6 advances in breast cancer diagnosis and treatment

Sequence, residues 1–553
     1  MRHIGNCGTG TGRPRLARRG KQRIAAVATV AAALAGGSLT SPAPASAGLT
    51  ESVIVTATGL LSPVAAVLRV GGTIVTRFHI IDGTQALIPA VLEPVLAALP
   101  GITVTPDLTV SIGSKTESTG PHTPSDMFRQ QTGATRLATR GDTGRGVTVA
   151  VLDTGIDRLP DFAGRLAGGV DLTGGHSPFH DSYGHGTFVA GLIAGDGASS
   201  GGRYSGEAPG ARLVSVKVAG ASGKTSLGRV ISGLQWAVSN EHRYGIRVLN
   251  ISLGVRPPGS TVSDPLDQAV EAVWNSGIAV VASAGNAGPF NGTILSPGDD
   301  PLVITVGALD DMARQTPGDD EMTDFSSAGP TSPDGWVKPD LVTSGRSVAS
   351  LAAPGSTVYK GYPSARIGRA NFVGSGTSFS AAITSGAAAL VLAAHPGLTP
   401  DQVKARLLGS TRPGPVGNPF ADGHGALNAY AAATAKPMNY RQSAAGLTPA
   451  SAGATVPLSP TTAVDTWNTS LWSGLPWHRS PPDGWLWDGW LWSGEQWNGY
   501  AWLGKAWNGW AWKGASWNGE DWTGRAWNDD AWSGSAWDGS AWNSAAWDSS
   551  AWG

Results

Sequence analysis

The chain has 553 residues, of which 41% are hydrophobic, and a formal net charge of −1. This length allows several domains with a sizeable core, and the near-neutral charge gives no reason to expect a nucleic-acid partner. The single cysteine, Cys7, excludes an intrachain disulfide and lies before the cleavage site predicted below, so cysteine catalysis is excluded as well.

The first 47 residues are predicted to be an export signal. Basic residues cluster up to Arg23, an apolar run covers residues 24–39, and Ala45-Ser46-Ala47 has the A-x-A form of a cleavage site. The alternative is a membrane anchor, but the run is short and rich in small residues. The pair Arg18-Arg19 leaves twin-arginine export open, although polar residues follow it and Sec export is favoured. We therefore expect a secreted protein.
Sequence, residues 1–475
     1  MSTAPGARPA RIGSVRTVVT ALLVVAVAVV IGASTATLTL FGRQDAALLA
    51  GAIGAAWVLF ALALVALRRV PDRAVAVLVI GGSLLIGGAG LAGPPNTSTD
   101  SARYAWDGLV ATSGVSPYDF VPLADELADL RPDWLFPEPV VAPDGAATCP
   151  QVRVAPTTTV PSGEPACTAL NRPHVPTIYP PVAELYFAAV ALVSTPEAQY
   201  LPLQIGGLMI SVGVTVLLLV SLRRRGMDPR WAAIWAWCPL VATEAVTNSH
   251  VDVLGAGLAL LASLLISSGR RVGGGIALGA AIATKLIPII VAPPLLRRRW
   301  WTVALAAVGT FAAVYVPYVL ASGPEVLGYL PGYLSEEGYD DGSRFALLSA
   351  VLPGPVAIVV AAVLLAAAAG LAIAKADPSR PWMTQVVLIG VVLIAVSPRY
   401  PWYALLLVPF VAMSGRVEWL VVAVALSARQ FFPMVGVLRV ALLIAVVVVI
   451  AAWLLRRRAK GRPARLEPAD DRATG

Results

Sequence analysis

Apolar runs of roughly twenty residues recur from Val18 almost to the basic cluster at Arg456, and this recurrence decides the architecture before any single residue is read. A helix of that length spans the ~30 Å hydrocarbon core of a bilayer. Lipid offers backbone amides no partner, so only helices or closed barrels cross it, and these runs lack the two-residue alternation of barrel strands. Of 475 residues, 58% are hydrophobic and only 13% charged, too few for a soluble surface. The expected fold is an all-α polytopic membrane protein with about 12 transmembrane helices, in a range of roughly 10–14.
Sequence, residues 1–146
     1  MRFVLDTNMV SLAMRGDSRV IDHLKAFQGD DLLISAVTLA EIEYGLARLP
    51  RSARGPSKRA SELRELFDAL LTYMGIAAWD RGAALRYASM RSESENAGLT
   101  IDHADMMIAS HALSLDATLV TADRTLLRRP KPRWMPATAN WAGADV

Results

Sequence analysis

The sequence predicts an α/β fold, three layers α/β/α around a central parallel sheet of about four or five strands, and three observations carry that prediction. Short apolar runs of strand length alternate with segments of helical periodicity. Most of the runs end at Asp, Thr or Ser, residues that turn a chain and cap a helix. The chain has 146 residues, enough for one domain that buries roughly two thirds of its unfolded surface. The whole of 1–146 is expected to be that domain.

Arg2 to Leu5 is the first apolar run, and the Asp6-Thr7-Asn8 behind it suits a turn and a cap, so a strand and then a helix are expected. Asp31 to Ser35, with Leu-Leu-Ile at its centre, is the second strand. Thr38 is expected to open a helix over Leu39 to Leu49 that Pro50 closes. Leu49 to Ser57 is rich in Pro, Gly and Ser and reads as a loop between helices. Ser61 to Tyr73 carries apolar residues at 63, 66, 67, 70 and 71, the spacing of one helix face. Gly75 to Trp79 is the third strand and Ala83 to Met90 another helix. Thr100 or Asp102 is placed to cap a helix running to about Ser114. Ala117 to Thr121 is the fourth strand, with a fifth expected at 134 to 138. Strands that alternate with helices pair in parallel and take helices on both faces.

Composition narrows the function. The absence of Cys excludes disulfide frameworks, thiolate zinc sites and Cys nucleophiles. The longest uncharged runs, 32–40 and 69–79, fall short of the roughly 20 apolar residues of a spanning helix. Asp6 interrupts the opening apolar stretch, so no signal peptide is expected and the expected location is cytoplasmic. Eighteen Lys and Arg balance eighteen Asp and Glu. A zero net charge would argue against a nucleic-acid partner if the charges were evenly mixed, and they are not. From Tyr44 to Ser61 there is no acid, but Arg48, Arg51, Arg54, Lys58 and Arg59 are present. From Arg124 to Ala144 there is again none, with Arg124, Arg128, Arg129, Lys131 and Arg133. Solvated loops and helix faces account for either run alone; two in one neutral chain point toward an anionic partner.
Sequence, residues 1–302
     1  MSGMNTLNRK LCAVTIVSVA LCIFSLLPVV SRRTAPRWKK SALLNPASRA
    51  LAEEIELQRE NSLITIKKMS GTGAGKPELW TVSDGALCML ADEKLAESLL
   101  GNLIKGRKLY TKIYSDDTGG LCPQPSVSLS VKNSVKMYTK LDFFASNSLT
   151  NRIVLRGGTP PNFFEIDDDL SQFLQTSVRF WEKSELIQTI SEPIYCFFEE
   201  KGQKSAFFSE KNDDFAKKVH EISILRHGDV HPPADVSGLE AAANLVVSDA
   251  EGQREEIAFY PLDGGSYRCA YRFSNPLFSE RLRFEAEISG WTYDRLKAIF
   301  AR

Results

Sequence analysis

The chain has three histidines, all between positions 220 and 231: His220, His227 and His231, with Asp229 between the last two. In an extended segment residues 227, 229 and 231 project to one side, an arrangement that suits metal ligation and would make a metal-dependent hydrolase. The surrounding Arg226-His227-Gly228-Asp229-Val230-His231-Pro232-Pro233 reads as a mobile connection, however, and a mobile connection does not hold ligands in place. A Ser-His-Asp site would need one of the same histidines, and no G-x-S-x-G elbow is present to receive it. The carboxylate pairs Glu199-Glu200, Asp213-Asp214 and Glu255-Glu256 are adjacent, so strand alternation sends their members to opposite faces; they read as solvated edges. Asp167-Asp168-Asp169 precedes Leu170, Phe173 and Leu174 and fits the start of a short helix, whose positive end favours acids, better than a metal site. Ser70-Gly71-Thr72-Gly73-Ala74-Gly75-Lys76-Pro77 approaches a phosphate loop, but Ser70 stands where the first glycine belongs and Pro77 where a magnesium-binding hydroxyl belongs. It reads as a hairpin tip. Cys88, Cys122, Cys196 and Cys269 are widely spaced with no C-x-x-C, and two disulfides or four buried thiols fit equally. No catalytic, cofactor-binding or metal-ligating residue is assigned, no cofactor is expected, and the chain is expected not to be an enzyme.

Breast cancer remains one of the two most-common types of cancer in the world, according to the World Health Organization. It’s the fifth-leading cause of cancer-related deaths annually. And more than 265,000 people will be diagnosed with it in the United States alone, during any given year. But there is reason for hope. Research has yielded a number of exciting developments in breast cancer diagnosis and treatment that will improve the lives of breast cancer patients for years to come. We spoke with our Senthil Damodaran, M.D., Ph.D., Jennifer Litton, M.D., and Anthony Lucci, M.D., to learn more. 1. Node preservation reduces lymphedema cases Axillary lymph nodes used to be removed from the armpit routinely during breast cancer surgery to test for metastasis. This caused chronic pain, numbness and lymphedema in about 1 in 5 patients. But studies have shown that many of those nodes can be preserved — without compromising long-term survival rates. Sentinel node mapping lets surgeons identify which lymph nodes are most likely to be affected by a tumor. Targeted axillary dissection allows surgeons to potentially preserve nodes that once tested positive for cancer, but reverted to negative status after chemotherapy or another treatment. In both cases, if tests come back negative for cancer on the first few nodes taken out, the remaining nodes can be left alone. That means fewer complications, and fewer side effects for our breast cancer patients. “About 15-20% of patients developed lymphedema when we were still routinely taking all the nodes out,” says Lucci, a surgical oncologist who specializes in breast cancer. “But when sentinel node mapping is done, and the...